Low-wage workers win big victory in Alabama's courts

    Samantha Nettles and Lenita Merrida are like a lot of LSA’s clients: they work, but don’t earn enough to call it a living wage, and their cash strapped status means they struggle to pay their bills on time. When they both fell behind on their payments to Credit Acceptance Corporation, a company that primarily finances high interest loans for used cars, their cars got repossessed. Then, they got sued for thousands of dollars for missed payments. When they couldn’t pay up, they got hit with judgments and garnishments, and interest on the judgments at rates over 20%. 

    Both Ms. Nettles and Ms. Merrida faced garnishment of 25% of their paychecks for their delinquent car loans. Each woman earned around only $500 every 2 weeks. When Ms. Nettles came to us, she supported two children by herself, and was pregnant with a third. Ms. Merrida was the sole source of support for her young grandchild.           

    When these two clients sought our help, we did what we have done for years: we filed what the law calls a Claim of Exemption for each woman, claiming that any wages of less than $1000 per paycheck were protected from garnishment under the Alabama Constitution. This is a long-standing rule of law in Alabama. As long as you can show that you have to spend your whole paycheck on necessary expenses, you can claim the exemption, a pretty routine showing for working women caring for children.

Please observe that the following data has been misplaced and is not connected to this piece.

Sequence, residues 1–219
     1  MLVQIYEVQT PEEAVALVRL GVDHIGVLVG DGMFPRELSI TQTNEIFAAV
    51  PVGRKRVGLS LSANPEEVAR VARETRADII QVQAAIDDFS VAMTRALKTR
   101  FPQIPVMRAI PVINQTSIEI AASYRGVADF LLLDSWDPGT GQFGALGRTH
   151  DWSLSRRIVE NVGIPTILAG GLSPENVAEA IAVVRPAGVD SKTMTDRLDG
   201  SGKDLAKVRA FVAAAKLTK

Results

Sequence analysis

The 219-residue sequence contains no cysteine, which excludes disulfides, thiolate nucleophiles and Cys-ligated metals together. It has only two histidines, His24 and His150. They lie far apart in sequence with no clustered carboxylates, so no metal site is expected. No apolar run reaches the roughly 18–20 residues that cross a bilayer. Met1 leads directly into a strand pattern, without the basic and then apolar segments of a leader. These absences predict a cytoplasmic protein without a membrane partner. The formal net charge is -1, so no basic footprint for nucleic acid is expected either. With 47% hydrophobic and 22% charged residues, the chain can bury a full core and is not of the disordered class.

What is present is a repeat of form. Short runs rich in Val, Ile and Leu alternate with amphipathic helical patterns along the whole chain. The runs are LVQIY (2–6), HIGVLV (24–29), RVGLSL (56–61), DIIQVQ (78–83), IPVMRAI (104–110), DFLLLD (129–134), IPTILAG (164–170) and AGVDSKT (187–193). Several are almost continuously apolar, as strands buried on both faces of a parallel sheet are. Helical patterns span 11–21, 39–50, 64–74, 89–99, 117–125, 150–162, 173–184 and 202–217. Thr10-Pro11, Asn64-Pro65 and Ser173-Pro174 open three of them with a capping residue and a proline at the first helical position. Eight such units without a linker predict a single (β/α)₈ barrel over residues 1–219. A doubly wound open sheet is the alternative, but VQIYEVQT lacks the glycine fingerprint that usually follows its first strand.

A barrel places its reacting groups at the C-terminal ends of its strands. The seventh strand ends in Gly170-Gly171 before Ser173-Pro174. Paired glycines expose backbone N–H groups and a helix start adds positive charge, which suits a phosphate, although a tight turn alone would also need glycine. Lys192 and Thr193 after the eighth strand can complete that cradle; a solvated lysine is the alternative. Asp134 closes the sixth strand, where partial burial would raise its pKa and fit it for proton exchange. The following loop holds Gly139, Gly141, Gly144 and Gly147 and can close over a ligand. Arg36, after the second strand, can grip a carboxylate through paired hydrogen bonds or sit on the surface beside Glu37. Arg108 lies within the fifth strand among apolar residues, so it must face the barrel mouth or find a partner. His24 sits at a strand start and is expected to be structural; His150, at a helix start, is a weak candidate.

Unfortunately, several years ago, this settled rule of law in Alabama was called into question by an unexpected decision from the Court of Civil Appeals, Alabama Telco v. Gibbons. Emboldened creditors seized on language in the decision to argue that an individual could only claim the $1000 exemption one time, a result that would have overturned years of Alabama law. Two judges in Mobile cited Gibbons in ruling against our clients. The judges held that the most Ms. Nettles and Ms. Merrida could do was to claim the exemption up to $1000, or two paychecks in their case.

    We appealed and asked the Court of Civil Appeals to revisit its ruling in Gibbons. We argued that the law ought to be what it has been for over a hundred years. We made the case that low income people are entitled to have the constitution of this state interpreted as it is written, to shield low wages from being ravaged by garnishments.  

    On Friday, May 12, LSA won a victory at the Court of Civil Appeals on behalf of both our clients. The Court returned to the rule that as long as you can show you are spending your wages on necessary living expenses, you get to hold a minimum sum of $1000 from your paycheck at any given time. Because Ms. Nettles and Ms. Merrida were easily able to make this showing, they are entitled to claim their limited, meager wages as exempt every paycheck.           

    Our clients have more security to feed their families tonight. The same goes for every low-income working person in Alabama, including those that never walk through LSA’s doors. This is a huge victory for the working poor in Alabama, who can already barely make it from one check to another. We at LSA are thrilled that these working men and women have at least this one protection from devastation. 

Farah Majid, in our Huntsville office, handled LSA's appeal. She is a member of our High Impact Litigation Team, making this the first big victory for our newest practice group.




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